The difference is that they ship. Even if it’s something incremental, the people that we admire ship some form of work almost daily. They write, code, build, make, paint, draft, and anything else related to producing something of note.
The irony of all of it is, that once you start to be known as someone that makes, ships, and creates, your heroes will eventually come to you.
Pride is a sense of worth derived from something that is not organically a part of us, while self-esteem derives from the potentialities and achievements of the self. We are proud when we identify ourselves with an imaginary self, a leader, a holy cause, a collective body or possessions. There is fear and intolerance in pride; it is sensitive and uncompromising. The less promise and potency in the self, the more imperitive is the need for pride. The core of pride is self-rejection.—– It is true that when pride releases energies and serves as a spur to achievement, it can lead to a reconciliation with the self and the attainment of genuine self-esteem. -Hoffer
The passionate state of mind is often indicative of a lack of skill, talent or power. Moreover, passionate intensity can serve as a substitute for the confidence born of proficiency and the possession of power. A workingman sure of his skill goes leisurely about his job, and accomplishes much though he works as if at play. On the other hand, the workingman who is without confidence attacks his work as if he were saving the world, and he must do so if he is to get anything done. The same is true of the soldier. A well-trained and well-equipped soldier will fight well even when not stirred by strong feeling. But the untrained soldier will give a good account of himself only when animated by enthusiasm and fervor… Where there is necessary technical skill to move mountains, there is no need for the faith that moves mountains. -Eric Hoffer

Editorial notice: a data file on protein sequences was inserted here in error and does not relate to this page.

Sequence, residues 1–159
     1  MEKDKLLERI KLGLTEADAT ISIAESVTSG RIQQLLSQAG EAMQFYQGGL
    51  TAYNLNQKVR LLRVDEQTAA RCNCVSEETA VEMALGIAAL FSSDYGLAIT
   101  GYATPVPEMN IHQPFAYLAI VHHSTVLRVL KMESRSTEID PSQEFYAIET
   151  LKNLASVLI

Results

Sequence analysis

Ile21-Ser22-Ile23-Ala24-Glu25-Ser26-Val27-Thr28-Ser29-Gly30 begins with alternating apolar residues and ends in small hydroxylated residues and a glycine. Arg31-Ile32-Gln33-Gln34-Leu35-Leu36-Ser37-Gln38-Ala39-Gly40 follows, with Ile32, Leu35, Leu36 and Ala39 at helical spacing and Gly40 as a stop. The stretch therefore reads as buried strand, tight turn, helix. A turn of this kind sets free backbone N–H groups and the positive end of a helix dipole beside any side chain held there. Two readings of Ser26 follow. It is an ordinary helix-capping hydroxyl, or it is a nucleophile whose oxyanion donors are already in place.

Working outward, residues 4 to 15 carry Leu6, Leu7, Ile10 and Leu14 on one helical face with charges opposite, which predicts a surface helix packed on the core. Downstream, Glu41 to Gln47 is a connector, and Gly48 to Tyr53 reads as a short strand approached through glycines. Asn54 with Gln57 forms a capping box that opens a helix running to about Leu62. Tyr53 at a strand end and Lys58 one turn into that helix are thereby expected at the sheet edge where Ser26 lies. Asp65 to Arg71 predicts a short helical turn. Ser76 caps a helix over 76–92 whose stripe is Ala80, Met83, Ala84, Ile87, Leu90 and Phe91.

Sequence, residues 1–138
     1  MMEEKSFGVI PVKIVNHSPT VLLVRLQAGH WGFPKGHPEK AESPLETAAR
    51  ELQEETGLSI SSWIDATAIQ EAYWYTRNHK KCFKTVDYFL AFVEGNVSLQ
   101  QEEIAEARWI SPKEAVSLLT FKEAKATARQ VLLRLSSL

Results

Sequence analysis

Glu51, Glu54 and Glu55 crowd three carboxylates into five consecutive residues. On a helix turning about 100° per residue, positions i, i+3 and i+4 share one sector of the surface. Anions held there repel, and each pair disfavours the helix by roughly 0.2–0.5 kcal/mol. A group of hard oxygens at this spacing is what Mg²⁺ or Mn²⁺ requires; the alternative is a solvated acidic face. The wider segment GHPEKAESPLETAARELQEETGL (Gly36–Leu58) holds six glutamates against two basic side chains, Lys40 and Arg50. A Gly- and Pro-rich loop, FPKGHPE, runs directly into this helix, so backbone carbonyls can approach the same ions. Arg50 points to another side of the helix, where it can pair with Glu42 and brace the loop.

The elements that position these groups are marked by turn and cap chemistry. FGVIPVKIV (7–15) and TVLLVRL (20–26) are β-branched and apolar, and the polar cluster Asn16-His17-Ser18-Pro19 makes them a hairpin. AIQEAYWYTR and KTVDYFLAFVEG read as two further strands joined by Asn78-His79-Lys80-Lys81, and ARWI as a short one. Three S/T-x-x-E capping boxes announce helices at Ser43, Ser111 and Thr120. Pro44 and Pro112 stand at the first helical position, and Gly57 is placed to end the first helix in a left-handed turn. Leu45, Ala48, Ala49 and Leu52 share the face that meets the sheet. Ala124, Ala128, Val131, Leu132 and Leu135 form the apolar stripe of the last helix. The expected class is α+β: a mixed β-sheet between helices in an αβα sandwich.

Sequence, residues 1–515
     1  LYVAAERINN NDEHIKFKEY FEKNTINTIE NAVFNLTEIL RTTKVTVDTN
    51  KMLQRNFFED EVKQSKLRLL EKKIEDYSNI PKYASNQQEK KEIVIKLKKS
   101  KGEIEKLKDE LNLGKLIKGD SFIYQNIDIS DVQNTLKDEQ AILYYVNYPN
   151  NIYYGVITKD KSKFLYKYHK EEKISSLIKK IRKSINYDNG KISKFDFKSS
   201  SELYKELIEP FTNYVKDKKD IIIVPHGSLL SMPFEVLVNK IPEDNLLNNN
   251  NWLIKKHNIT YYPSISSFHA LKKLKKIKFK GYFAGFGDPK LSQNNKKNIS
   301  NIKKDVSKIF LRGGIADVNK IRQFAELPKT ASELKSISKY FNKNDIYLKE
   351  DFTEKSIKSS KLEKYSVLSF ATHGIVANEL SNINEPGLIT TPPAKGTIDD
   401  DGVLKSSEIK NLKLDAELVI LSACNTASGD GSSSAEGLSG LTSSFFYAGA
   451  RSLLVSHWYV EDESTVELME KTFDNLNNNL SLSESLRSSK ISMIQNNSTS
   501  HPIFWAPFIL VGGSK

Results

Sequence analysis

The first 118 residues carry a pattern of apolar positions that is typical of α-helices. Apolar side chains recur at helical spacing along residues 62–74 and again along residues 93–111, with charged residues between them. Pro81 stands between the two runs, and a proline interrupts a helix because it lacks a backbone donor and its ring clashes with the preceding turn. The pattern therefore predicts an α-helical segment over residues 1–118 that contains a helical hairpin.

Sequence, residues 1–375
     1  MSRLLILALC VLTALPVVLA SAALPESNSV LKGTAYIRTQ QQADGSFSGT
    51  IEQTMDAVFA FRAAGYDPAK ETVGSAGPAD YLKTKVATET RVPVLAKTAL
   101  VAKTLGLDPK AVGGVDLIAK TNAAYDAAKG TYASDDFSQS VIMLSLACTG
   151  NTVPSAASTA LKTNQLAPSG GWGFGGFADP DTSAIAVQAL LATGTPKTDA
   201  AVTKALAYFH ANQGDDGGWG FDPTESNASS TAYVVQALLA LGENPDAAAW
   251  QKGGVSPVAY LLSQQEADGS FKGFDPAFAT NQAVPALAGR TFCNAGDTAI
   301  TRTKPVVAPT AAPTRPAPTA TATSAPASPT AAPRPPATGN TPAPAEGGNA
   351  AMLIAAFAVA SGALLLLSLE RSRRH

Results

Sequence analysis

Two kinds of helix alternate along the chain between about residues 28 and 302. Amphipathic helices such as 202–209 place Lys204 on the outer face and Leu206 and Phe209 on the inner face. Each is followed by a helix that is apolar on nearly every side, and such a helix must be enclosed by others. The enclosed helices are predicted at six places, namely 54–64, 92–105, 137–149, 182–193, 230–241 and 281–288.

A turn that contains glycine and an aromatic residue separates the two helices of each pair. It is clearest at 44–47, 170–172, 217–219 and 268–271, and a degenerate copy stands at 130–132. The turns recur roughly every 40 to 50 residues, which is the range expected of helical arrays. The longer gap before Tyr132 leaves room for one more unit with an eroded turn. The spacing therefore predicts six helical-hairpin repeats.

It seems that we are most busy when we do not do the one thing we ought to do; most greedy when we cannot have the one thing we really want; most hurried when we can never arrive; most self-righteous when irrevocably in the wrong. -Eric Hoffer
We have grown literally afraid to be poor. We despise anyone who elects to be poor in order to simplify and save his inner life. If he does not join the general scramble and pant with the money-making street, we deem him spiritless and lacking in ambition. -W. James
The moral flabbiness born of the exclusive worship of the bitch-goddess SUCCESS. That — with the squalid cash interpretation put on the word success — is our national disease.
-W. James, To H.G. Wells (09/11/1911)
Our minds thus grow in spots; and like grease-spots, the spots spread. But we let them spread as little as possible: we keep unaltered as much of our old knowledge, as many of our old prejudices and beliefs, as we can. We patch and tinker more than we renew. The novelty soaks in; it stains the ancient mass; but it is also tinged by what absorbs it. -W. James